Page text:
In a letter to Justyce, Quan writes that it’s weird to write an actual letter, especially to Justyce. When Quan woke up earlier, he saw the Martin Luther King notebook that Justyce left. He thanks Justyce for visiting and says the notebook was interesting—especially the info about Manny, whom Quan didn’t know well. Most surprising about the notebook was realizing that he and Justyce have a lot in common. Quan was struck by the line, “Those assholes can’t seem to care about being offensive, so why should I give a damn about being agreeable?”
Manny was Quan’s wealthy cousin who, in Stone’s previous novel Dear Martin, was murdered by an off-duty police officer. As Quan muses that he, Justyce, and maybe Manny aren’t all that different, he realizes that racism affects Black people no matter how financially well off they are. Justyce’s line about being “agreeable” gestures to the idea that Black people in America face a double standard. White people are allowed to make mistakes or engage in offensive behavior—while for a Black person, something like that could land them in deep trouble.
Quan writes that his Daddy was arrested a few years after he and Justyce met in the rocket ship. Daddy got 25 years in prison. Reflecting on the terrifying experience of watching Daddy get arrested, Quan notes that he’s only been that scared one other time in his life. He really misses Daddy, especially since he just realized that today is the sixth anniversary of Daddy’s arrest. This also means that Quan has been in detention for 16 months. He doesn’t have a trial date yet. Though he tries to remain unaffected, it’s hard to ignore the awful food and how defeated everyone seems. He keeps wondering how disappointed Daddy would be if he knew.
The revelation that Daddy got 25 years in prison means that Quan will be without his father for another two decades. In this sense, it becomes clear that Quan has lost a major pillar of support and is still mourning the loss. While it’s unclear at this point why Quan is in juvenile detention (though readers of Dear Martin will remember that Quan killed a white police officer), Quan nevertheless shows that prison breaks a person down. Life is joyless and feels like a state of limbo—and, worst of all for Quan, he knows he’s disappointed Daddy by ending up here.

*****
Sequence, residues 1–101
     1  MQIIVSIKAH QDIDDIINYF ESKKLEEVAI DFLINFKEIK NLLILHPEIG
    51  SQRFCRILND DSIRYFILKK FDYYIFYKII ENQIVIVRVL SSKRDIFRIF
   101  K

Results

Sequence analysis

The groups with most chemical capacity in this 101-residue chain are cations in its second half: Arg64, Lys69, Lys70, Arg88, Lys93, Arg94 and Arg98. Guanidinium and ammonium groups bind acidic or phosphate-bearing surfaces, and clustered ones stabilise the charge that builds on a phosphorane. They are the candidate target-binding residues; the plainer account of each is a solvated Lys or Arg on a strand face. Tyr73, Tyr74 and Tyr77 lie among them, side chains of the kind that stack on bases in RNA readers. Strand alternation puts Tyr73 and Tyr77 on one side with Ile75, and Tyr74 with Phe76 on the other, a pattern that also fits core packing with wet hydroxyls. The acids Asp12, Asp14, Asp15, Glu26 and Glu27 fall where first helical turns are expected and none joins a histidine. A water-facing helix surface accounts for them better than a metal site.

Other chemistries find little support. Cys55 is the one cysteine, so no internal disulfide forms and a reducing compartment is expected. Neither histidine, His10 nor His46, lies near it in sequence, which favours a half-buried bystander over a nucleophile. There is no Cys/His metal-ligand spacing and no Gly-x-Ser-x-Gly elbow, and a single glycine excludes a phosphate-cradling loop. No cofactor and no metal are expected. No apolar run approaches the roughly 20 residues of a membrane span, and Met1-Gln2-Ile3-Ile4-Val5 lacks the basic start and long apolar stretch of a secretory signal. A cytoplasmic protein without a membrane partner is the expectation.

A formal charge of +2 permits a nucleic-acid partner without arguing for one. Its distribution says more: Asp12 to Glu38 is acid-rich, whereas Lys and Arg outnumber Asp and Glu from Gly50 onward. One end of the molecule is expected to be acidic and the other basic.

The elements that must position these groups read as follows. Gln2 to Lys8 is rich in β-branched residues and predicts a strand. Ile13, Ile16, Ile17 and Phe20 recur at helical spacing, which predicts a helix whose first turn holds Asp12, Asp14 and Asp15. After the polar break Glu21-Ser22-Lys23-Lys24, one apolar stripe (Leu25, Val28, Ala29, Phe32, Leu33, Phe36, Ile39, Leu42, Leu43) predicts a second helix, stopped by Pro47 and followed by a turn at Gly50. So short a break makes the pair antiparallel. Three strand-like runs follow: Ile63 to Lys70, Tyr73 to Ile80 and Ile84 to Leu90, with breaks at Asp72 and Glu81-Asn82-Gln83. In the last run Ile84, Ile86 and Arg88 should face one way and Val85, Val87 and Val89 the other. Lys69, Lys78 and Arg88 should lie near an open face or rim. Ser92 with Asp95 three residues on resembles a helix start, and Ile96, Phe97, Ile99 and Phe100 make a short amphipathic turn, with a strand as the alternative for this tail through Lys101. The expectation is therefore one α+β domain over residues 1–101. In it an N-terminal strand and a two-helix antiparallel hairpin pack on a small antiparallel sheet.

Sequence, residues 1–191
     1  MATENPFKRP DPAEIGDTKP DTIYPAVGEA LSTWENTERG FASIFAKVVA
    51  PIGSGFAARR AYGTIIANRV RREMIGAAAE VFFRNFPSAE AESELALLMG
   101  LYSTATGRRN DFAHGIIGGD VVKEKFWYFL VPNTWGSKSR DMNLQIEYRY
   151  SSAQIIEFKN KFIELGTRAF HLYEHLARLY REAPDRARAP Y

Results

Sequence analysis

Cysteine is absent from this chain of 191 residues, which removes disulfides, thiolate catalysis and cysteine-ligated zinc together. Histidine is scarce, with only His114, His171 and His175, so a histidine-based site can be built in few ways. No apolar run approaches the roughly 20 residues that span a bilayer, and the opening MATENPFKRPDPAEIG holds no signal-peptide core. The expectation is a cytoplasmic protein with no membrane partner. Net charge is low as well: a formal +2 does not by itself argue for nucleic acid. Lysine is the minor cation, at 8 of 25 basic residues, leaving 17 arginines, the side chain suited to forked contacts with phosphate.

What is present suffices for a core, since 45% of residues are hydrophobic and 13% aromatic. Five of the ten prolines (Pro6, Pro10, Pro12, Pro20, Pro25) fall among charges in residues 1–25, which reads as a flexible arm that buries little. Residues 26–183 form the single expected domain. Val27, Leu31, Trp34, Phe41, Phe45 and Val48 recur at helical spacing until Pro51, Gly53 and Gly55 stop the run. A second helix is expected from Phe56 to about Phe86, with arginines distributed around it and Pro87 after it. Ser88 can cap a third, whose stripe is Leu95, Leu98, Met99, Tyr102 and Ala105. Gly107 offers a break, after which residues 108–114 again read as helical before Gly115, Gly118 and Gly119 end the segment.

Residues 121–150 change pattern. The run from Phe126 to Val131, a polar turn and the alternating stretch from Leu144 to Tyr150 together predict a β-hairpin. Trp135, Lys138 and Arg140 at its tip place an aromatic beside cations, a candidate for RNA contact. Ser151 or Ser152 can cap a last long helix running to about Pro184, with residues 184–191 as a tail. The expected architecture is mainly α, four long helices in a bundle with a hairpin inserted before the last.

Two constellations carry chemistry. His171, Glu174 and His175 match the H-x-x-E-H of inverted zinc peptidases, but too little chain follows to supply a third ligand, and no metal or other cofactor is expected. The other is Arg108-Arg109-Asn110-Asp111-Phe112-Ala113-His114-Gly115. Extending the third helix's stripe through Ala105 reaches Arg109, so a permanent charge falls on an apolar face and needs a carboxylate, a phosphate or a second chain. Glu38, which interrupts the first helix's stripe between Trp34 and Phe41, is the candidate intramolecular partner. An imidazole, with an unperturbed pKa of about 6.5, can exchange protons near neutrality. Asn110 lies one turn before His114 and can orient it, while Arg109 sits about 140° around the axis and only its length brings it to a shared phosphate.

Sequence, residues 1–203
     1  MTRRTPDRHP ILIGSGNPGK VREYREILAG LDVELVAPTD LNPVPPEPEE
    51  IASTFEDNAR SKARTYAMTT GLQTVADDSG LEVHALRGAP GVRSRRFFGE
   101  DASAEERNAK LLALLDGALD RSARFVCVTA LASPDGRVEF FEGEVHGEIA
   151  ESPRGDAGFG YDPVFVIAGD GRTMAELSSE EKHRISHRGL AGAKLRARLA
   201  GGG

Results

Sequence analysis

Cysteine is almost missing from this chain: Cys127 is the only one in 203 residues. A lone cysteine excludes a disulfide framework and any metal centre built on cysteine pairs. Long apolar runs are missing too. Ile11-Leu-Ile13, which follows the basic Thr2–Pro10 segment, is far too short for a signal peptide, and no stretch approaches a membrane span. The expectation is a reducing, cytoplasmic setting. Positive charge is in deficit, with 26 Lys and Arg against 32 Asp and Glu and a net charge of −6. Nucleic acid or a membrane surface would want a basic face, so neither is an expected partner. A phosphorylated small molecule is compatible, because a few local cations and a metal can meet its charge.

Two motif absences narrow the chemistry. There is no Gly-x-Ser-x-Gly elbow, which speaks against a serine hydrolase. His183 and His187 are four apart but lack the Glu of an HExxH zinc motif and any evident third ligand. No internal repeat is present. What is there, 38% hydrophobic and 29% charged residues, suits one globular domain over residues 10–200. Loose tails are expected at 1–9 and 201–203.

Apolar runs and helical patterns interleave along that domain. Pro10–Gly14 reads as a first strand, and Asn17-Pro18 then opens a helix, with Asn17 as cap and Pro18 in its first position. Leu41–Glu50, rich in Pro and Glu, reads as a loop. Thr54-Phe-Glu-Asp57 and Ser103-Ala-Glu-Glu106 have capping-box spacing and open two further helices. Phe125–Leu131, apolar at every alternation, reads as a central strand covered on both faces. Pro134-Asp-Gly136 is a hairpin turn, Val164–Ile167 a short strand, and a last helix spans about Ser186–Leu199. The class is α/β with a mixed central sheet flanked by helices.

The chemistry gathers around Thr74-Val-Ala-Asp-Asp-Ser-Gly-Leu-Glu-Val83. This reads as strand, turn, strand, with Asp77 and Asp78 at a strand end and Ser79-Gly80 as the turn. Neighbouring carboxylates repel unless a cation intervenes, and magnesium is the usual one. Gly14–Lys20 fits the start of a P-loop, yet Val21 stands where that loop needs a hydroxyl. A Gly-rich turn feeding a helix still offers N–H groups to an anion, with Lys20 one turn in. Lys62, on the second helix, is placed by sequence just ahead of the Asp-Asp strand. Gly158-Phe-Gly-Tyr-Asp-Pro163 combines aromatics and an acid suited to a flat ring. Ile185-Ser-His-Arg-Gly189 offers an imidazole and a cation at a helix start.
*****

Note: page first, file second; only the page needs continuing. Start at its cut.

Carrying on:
Quan notes that Daddy’s job wasn’t “statutory,” but Daddy was insistent that Quan would do better. He’d even leave Quan at the library when he made runs (the head librarian was one of Daddy’s clients). Quan used to love the Series of Unfortunate Events books. Daddy is why Quan ended up in the Challenge Math class with Justyce—but then Daddy was gone and things turned upside down. This is why Quan stopped talking to Justyce, even though Quan looked up to him. Justyce seemed to “ha[ve] [his] shit together,” and Quan wanted to be like that. That would make Daddy proud.
In wanting “better” for Quan, Daddy implies that he wants Quan too have a “statutory”—that is, legal—job. And given what Quan has said about his love of Lemony Snicket’s books as a kid and his mention of being in an advanced math class, it seems like as a young kid, Quan was incredibly bright and poised for success. But without Daddy’s encouragment, things fell apart. Quan, for whatever reason, didn’t feel like he could continue to rely on Justyce, even if Justyce was what Daddy wanted Quan to be. This passage speaks to the dangers of losing one’s support network—for Quan, that’s what made everything fall apart.
But seeing what Justyce wrote about being set off, Quan wonders if Daddy’s attempts were pointless. At this point, it doesn’t matter—Quan will probably get more time than Daddy. Maybe Quan won’t even send this letter. If he does, Justyce had better write back.
Here, Quan wonders if there was any hope for him to do better than Daddy, given the circumstances. At this point, he begins to question whether it was fate that he’s ended up in prison, a question he grapples with throughout the novel.